FWIW, this sounds like one of the biggest differences when FLAP-D is compared to Rich Oliver's Mystery School. The Mystery School's 2-day Fun Camp focuses on basic skills for the first day then builds on those skills during the second day. Rich has you do a couple of different drills near the beginning of Day 1, then you repeat them toward the end of Day 2 so you can see your progress.
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Old 03-19-2019, 07:13 AM   #6
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Quote:
Originally Posted by fubar929 View Post
FWIW, this sounds like one of the biggest differences when FLAP-D is compared to Rich Oliver's Mystery School. The Mystery School's 2-day Fun Camp focuses on basic skills for the first day then builds on those skills during the second day. Rich has you do a couple of different drills near the beginning of Day 1, then you repeat them toward the end of Day 2 so you can see your progress.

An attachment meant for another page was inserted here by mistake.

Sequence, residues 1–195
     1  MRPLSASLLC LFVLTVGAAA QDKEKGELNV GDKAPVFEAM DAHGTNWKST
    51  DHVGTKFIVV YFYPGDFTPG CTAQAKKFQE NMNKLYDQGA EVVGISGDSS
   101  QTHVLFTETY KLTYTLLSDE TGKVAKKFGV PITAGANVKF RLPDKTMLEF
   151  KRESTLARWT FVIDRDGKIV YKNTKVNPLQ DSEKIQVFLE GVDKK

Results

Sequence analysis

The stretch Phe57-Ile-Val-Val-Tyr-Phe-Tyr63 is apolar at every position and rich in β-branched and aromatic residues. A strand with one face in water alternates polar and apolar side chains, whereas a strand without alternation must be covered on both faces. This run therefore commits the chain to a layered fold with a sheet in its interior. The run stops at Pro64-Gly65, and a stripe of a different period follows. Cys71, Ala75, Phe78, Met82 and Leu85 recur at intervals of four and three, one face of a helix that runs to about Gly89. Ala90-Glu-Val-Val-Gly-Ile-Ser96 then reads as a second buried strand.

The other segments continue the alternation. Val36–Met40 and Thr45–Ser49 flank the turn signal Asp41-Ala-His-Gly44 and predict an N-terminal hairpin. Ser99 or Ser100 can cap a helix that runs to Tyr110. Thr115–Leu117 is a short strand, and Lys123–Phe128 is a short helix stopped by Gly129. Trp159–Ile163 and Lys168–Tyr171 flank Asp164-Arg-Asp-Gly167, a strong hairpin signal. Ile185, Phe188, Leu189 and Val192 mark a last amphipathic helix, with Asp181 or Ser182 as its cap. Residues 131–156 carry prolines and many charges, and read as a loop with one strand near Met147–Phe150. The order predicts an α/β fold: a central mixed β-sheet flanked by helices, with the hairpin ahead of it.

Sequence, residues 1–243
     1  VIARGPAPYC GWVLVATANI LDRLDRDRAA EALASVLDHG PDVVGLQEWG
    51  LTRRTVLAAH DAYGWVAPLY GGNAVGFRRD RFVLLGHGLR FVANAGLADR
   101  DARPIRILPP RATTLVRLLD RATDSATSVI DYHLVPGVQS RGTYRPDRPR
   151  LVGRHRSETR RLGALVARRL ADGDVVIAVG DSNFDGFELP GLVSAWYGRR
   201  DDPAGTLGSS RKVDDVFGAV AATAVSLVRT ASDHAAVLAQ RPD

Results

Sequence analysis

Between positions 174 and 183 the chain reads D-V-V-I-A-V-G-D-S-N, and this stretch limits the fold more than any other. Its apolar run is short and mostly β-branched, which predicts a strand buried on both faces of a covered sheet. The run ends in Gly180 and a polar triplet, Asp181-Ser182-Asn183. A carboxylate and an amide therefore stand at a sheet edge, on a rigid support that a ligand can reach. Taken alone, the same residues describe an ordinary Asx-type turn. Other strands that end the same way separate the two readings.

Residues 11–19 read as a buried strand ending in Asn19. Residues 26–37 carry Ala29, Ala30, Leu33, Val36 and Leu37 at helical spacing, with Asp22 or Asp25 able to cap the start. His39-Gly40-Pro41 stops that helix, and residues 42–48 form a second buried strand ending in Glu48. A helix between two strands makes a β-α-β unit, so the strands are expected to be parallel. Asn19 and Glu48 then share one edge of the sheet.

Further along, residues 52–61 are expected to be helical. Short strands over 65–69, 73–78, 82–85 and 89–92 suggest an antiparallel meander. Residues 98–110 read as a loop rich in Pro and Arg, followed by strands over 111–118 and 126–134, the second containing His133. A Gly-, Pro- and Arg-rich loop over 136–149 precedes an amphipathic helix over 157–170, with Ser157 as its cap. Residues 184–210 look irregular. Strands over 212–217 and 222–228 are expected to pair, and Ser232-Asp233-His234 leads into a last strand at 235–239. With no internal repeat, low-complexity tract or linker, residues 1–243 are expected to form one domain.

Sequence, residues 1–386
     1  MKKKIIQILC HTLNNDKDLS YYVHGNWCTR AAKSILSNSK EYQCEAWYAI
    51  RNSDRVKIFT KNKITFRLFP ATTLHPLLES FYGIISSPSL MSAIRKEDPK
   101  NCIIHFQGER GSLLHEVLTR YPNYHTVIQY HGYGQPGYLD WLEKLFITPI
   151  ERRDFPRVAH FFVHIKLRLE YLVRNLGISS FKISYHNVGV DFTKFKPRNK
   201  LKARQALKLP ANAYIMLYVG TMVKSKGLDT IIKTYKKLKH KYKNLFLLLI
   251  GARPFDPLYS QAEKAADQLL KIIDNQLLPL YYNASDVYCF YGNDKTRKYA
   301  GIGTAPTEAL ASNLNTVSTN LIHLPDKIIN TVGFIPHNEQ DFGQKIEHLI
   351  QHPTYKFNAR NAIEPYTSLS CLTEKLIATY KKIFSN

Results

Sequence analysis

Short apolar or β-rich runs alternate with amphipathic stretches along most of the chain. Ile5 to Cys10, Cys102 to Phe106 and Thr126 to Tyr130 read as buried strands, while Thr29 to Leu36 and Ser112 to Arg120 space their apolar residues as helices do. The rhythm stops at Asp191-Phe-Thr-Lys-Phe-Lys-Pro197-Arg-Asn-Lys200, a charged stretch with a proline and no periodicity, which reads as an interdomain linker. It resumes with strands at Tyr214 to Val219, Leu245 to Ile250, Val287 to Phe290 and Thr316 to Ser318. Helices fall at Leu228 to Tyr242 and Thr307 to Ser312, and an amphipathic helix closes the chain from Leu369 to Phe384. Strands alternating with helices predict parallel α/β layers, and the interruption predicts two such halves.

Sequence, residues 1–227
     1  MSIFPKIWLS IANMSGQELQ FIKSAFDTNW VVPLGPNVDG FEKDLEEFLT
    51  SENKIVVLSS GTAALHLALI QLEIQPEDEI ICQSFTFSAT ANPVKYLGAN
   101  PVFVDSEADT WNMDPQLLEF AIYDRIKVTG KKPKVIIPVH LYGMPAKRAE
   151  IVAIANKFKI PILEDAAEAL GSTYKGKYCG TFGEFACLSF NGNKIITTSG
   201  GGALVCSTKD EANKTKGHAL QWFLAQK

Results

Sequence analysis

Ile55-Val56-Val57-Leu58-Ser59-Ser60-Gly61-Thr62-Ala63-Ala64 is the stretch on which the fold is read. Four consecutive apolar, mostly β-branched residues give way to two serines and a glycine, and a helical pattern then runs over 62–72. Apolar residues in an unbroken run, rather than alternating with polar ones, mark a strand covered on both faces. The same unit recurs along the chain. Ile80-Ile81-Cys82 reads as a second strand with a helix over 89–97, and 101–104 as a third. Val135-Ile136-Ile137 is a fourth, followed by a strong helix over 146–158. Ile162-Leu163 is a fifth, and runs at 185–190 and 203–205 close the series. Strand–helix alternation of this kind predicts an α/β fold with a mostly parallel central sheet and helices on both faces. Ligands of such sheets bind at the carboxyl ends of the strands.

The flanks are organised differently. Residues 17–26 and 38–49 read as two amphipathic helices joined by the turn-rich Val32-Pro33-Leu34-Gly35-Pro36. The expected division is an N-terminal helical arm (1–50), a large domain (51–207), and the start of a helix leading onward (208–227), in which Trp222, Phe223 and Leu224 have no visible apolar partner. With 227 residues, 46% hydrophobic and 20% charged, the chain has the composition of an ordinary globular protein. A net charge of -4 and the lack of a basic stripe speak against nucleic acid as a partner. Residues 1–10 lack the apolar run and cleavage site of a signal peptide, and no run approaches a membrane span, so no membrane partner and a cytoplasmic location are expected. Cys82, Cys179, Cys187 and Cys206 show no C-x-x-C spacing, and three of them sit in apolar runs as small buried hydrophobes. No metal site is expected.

That makes sense. The tradeoff FLAP is making is that riders can sign up for whatever they want either day, theoretically making it easier for them to fill the classes. I suspect if our classes had been a bit more full, they would have divided up the groups and we would have had a bit more of a "two-day" experience.
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Old 03-19-2019, 07:26 AM   #7
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American Supercamp is also distinct day 1 vs day 2.
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Old 03-19-2019, 03:52 PM   #8
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Old 03-19-2019, 03:58 PM   #9
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Go do the real one at the Mystery School their 2 day curriculum is tried and tested